Besides presenting my own sessions (detailed below) I tried to audit as many sessions as I could (all content committee members are really supposed to do that but sadly few actually do). Everything I saw was good in the Java EE track and I scouted a few very good folks I have made a point to follow up with (you know who you are).

What I did at JavaOne
The last few JavaOnes have been fairly hectic for me and this year was no exception. Frankly that's exactly how I prefer it. As a speaker (and a host in this case) I am there to deliver as much as I possibly can for attendees. Here's what kept me busy this year:

Keynote Demo: This year I helped put together the keynote demo. The demo consisted of an end-to-end Java story for vehicle telemetry. At the lowest level, Java Embedded was used to collect vehicle sensor data such as speed, acceleration, geo-location, odometer reading, engine temperature and the like. Some of this data was incorporated into a pretty slick vehicle on-board dashboard interface using Java FX. All of the sensor data got forwarded real time to a centralized IoT (Internet of Things) gateway. The idea of the IoT gateway is that any third party could securely connect to the gateway to subscribe to collated vehicle sensor data instead of connecting directly to a vehicle. Once a third party endpoint is registered for subscription, sensor data is forwarded to the endpoint via REST calls. Third parties could be auto makers, insurers, service shops and so on. For the demo we created a third party back-end system that put the sensor data on a cool real time line graph on an HTML 5 page. The back-end would also issue warnings to the HTML 5 interface as well as issue an SMS message to any registered users when significant events are detected such as an engine or mechanical problem (for example an imminent required tire or oil change).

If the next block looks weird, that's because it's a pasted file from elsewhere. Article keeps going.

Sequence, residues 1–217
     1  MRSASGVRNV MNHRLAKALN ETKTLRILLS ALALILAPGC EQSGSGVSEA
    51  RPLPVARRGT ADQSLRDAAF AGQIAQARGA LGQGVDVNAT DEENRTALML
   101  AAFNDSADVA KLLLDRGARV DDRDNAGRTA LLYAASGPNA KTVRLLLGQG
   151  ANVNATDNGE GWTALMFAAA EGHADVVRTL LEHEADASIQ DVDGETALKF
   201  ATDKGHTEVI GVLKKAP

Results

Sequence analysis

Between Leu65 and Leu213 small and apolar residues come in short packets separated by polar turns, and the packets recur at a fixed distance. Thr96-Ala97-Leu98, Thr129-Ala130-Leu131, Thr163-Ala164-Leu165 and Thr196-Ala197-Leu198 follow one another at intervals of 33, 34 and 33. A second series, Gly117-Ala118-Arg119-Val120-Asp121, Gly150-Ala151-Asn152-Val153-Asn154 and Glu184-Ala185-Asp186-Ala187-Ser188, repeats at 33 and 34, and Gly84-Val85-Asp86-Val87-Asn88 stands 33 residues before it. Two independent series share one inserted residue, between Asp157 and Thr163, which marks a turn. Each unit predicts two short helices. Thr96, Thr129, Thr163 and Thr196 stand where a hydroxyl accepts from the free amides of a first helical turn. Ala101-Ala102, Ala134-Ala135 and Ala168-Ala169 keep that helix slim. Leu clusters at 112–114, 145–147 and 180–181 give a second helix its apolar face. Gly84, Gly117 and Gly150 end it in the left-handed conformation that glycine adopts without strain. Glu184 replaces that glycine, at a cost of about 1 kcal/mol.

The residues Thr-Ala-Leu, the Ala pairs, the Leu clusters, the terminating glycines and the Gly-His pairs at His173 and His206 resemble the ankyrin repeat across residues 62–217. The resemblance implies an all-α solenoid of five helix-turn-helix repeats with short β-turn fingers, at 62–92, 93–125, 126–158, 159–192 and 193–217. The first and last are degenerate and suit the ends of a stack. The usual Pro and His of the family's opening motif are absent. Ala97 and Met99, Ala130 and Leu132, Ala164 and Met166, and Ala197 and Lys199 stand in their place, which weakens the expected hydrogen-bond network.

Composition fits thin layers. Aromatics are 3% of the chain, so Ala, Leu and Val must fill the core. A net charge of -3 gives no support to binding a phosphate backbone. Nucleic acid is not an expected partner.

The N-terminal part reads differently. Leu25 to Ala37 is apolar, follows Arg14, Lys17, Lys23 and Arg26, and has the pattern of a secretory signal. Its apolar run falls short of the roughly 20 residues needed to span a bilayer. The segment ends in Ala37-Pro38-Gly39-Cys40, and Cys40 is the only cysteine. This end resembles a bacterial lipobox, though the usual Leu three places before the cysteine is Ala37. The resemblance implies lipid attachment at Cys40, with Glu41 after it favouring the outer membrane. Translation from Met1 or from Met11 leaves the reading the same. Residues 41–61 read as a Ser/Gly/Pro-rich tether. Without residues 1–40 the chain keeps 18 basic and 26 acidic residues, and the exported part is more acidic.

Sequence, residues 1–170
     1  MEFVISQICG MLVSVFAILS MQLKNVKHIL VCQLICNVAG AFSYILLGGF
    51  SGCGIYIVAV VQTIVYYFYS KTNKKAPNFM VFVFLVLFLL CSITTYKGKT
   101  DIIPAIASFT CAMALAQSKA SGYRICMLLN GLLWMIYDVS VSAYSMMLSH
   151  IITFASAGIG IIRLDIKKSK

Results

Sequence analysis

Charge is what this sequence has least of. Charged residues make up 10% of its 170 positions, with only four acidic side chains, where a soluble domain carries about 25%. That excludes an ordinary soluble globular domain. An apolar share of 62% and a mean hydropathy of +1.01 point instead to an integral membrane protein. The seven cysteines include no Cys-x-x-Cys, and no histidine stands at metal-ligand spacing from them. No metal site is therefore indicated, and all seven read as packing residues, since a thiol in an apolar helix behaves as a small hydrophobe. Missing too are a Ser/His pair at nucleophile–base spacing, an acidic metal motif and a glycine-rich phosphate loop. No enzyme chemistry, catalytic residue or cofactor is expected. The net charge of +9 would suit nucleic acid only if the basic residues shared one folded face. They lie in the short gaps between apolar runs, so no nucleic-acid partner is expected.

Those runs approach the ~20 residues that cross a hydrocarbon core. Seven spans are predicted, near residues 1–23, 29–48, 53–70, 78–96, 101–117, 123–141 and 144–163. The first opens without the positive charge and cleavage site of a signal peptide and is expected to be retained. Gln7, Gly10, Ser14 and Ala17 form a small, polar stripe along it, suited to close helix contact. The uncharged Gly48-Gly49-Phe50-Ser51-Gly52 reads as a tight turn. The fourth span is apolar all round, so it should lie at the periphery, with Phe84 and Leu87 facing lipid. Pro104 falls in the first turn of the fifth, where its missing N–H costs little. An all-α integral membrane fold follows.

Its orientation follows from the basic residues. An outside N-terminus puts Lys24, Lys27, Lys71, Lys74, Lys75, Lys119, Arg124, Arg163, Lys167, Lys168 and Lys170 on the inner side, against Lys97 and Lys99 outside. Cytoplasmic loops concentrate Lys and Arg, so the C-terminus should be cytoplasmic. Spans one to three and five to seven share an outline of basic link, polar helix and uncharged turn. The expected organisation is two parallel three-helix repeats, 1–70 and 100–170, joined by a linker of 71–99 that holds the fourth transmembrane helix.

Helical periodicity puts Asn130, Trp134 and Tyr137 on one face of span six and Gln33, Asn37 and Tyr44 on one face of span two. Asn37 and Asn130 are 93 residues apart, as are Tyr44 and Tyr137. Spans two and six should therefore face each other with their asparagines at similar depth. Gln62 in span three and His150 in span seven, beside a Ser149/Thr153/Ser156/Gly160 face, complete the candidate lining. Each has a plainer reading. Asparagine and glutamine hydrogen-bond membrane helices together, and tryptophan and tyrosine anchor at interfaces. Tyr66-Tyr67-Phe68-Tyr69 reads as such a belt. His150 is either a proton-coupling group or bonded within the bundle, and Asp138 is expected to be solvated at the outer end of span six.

The back-end part is what I wrote using Java EE 7 and GlassFish 4.1. The sensor data is received from the IoT gateway using an asynchronous JAX-RS endpoint, processed and forwarded to a WebSocket end-point using CDI events. Any external communication such as SMS is done in a completely non-blocking fashion using the Java EE 7 concurrency utilities. Finally the WebSocket endpoint sends the processed data asynchronously to the HTML5/JavaScript front-end over JSON using the Java API for JSON processing. EJB provides thread-safety, pooling, bandwidth-throttling and monitoring for all back-end components. The Java EE 7 powered back-end implements the basics of architectural concepts like Microservices, Reactive Programming and Complex Event Processing important to scaling most back-ends in an IoT system. Though we developed the demo for JavaOne it could potentially be reused elsewhere. Who knows - perhaps you'll get to see it in person at some point at a conference?

Sunday: Besides the keynote demo, I started JavaOne this year with hosting the Sunday GlassFish community events. This has long been the rallying point for GlassFish fans at JavaOne and this year was no exception. This year I broke up the GlassFish events into two distinct parts with a small break in the middle: